The Court of Appeals, however, held that granting summary judgment to Butler’s former landlords with respect to his claim under the Consumer Protection Act was not in error.  To succeed in a claim under Maryland’s Consumer Protection Act requires establishing that the landlord actively concealed or failed to disclose the presence of peeling or flaking paint at the inception of the lease.  At trial, Butler’s own mother testified that there was no evidence of chipping or peeling paint when she entered into the lease, and, further, at that time Butler was an infant.  As such, Butler did not establish a reasonable basis under which a determination could be made that the chipping or peeling was present at the inception of the lease, thus, the Court of Appeals affirmed the lower courts grant of summary judgment regarding Butler’s claim under Maryland’s Consumer Protection Act.  

Thursday, February 6, 2014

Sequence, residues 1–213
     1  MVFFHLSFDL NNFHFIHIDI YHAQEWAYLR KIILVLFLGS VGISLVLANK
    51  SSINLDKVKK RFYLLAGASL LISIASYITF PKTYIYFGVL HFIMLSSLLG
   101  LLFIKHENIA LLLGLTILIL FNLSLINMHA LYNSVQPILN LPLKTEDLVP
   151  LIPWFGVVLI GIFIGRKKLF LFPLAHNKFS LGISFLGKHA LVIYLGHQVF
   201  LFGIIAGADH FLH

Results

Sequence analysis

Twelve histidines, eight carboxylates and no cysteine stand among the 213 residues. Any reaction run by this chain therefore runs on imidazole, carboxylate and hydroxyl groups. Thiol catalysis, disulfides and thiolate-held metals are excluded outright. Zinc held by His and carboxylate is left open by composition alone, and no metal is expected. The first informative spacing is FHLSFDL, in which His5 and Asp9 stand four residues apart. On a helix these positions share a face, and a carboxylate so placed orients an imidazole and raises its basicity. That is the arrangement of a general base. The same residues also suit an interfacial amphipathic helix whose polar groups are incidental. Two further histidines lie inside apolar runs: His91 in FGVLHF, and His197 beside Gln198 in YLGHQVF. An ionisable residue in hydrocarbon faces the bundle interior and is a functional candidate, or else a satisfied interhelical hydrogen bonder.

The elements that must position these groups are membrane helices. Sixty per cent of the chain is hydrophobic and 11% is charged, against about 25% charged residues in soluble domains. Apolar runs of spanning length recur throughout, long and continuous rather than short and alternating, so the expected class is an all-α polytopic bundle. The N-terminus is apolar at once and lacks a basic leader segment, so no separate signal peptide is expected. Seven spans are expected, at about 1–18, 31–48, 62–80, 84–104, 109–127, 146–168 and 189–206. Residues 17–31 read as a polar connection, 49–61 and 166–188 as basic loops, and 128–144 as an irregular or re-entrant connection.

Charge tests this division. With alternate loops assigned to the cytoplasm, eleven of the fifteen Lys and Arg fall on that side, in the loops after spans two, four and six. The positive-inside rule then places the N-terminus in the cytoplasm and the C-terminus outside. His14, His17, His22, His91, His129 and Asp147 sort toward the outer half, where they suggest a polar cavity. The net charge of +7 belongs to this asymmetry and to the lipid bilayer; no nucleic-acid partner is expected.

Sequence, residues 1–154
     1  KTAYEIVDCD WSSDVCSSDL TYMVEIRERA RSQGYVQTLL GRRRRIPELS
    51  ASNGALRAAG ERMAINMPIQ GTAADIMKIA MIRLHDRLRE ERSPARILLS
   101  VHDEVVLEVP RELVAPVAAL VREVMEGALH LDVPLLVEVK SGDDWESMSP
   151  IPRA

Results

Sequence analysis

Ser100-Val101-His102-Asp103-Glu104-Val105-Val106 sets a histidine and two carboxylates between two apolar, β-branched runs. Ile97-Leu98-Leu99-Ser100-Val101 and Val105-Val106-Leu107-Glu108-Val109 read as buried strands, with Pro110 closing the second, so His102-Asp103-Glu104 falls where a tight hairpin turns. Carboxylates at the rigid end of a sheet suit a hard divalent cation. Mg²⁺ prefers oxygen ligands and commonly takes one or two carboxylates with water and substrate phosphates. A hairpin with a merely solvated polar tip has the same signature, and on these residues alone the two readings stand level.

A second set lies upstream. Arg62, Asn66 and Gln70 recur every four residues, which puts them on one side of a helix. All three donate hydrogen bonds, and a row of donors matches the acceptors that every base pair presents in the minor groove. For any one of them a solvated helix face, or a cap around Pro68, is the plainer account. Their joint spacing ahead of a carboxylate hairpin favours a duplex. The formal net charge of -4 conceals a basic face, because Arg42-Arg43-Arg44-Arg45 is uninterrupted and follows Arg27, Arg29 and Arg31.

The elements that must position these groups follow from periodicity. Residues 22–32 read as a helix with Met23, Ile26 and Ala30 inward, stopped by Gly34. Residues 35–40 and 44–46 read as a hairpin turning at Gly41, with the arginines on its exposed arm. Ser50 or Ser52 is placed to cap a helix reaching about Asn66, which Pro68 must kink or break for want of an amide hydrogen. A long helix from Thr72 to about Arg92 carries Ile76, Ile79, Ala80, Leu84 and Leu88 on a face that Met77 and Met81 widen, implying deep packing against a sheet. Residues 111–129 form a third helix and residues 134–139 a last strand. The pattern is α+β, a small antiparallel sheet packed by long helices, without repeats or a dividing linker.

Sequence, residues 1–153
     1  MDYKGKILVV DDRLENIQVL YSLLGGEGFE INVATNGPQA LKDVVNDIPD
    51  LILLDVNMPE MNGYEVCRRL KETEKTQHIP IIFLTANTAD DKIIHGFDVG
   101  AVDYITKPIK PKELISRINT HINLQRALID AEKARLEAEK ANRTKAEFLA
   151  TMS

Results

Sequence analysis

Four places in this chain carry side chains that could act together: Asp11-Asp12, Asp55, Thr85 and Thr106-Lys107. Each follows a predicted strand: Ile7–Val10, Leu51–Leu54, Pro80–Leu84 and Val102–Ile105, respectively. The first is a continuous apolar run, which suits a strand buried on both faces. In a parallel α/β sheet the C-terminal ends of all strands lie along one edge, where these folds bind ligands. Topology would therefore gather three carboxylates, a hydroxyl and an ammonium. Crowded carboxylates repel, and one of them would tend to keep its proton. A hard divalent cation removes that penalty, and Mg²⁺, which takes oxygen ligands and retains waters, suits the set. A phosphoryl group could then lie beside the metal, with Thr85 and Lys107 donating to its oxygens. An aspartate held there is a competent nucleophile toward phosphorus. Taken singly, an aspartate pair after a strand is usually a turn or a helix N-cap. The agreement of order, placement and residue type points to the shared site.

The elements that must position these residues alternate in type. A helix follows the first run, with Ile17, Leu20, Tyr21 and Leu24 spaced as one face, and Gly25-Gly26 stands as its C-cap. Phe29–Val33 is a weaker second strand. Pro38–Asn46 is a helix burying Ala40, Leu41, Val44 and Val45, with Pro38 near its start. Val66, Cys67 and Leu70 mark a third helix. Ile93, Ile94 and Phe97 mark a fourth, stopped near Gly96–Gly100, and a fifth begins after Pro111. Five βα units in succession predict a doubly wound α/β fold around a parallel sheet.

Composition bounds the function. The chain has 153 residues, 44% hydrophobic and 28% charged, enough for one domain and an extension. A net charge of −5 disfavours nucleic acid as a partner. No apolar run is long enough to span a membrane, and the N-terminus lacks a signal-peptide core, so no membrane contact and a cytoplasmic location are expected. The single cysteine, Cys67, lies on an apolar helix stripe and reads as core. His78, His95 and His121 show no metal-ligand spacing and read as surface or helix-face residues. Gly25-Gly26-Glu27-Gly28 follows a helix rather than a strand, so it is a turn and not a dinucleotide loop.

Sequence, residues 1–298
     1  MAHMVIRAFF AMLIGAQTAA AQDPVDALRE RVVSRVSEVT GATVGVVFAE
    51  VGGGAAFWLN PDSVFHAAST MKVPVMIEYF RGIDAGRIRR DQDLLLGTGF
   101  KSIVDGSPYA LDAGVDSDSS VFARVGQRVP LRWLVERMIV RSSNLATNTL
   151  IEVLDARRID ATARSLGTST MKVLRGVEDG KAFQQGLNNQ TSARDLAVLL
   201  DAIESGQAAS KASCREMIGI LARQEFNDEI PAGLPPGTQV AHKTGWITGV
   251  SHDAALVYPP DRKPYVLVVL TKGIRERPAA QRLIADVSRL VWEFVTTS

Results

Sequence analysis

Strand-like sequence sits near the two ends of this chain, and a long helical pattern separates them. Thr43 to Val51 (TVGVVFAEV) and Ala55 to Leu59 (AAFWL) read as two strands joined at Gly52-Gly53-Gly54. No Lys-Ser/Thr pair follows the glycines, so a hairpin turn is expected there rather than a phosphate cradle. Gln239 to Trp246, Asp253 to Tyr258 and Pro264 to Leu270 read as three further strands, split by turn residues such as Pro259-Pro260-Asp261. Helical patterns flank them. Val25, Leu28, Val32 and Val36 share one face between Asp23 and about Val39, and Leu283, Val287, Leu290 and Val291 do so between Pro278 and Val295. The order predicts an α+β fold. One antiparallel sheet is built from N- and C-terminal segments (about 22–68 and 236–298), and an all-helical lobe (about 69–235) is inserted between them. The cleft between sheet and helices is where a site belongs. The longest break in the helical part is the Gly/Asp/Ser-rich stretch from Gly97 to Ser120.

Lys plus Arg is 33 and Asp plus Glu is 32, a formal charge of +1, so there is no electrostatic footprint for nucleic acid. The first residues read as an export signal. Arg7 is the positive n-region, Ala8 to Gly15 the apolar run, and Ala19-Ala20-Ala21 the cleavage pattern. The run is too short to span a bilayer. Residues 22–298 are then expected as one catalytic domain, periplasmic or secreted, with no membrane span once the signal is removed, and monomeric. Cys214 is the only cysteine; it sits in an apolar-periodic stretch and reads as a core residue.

Mediation to Resolve Disputes May Save Time and Money

Although mediation as an alternative to the traditional litigation process is not new to Maryland, a growing number of people are opting to resolve their legal disputes through mediation.  Mediation as a process that seeks to allow individuals to arrive at an outcome that is favorable to all parties rather than have judge or jury determine the outcome of their conflict.  The role of the mediator in this process is to help the parties identify issues relating to the conflict and determine their wants and needs regarding that conflict.  The mediation process may take a day or longer depending on how many issues are in dispute and how different the parties’ perspective on the conflict is.